Every time I watch this clip of Will Smith talking about his father in The Fresh Prince of Bel-Air, I tear up. I can’t help it. Little do many people know, towards the end of this clip, Will starts talking about his actual father. The moment he starts to cry, Uncle Phil, played by the late actor James Avery, embraces him with a father’s embrace–something Will may have never experienced before. It was unscripted. It was real life.
I wonder how many people can relate to Will’s story? Can you?
According to an old study by the US Department of Census, 43% children in the United States live without their father.
That number should make you sick. Forty-three percent means for every two children you encounter, one of those has no father. No father to play catch with. No father to say, “I’m proud of you.” No father to go on “daddy-daughter” dates. No father at his or her sporting events. No father to go baseball games with. No father at career day. No father to drop off little Billy or little Susie for their first day of school. No father to simply say, “I love you.”
It’s time to man up, men.
If you’re a father, or will be a father one day, it’s time to get your crap together. It’s time to start being present.
This generation is desperately in need of good father figures. They want someone to look up to. They long for the affection, acceptance, love, and approval that only a father can bring.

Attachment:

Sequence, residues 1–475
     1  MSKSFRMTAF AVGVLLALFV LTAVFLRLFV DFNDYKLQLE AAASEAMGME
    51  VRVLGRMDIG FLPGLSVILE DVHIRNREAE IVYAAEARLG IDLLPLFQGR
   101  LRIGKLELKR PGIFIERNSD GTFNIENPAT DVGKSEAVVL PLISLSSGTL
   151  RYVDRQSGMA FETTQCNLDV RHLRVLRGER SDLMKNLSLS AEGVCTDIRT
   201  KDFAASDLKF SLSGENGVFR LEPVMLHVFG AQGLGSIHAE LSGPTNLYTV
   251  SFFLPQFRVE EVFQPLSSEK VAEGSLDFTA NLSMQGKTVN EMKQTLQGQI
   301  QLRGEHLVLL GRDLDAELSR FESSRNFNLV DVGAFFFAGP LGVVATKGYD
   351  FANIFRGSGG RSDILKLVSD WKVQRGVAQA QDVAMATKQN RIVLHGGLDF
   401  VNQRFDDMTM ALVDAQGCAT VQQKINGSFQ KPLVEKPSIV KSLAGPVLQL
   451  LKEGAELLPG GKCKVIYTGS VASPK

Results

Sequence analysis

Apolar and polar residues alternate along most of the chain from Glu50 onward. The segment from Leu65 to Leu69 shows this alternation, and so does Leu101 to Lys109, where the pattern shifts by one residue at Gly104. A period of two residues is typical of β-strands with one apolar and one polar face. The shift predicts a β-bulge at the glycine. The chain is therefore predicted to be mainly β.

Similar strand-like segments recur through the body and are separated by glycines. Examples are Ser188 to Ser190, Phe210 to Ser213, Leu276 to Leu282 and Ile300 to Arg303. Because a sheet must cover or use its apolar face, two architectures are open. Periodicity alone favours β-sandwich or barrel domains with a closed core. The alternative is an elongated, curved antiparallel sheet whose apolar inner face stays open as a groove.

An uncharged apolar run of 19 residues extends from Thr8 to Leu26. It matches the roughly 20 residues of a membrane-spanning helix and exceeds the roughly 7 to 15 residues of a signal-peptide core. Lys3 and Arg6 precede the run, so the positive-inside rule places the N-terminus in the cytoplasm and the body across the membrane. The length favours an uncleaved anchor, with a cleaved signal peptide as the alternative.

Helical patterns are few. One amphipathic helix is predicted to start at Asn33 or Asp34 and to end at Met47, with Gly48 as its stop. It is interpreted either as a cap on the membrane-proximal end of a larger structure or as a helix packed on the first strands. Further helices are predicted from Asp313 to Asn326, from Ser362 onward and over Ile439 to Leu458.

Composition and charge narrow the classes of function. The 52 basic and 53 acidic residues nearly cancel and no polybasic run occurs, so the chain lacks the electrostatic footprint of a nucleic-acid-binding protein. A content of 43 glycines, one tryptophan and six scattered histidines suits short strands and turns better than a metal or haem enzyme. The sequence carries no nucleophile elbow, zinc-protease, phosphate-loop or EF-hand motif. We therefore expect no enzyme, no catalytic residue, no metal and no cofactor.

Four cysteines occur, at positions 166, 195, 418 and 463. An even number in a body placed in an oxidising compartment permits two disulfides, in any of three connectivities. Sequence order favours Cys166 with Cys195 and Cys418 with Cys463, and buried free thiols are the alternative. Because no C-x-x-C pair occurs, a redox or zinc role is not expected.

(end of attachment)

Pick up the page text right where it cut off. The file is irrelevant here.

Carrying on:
What does this mean for those who aren’t fathers yet? It means you can “practice” being a father with your siblings, younger cousins, students in your youth group, young people in a community outreach program, etc. Start by showing them you care. Tell them you’re proud of them. Honor them. Be present with them. Believe in them. Love them. Take time to get to know them. I truly believe this will translate over well into your own fathering experience when you have children of your own.
“My father gave me the greatest gift anyone could ever another person, he believed in me.” – Jim Valvano
To become an even better father, remember the things your own Dad did that made you feel insignificant. Remember the times where he could have shown you more love. Remember the times when he wasn’t there. Remember the hurt that he caused.
This sounds painful, right? Because it is.
In remembering all the wrongdoings of your own father, this should allow you an opportunity to do things differently. It should allow you an opportunity to love your own child better than you were loved. It should allow you an opportunity to be ten times the father your own father ever was to you.
“It is easier for a father to have children than for children to have a real father.” – Pope John XXIII
What are some things men could do differently as fathers? What are some things your father could have done differently? Please share with me in the comments below.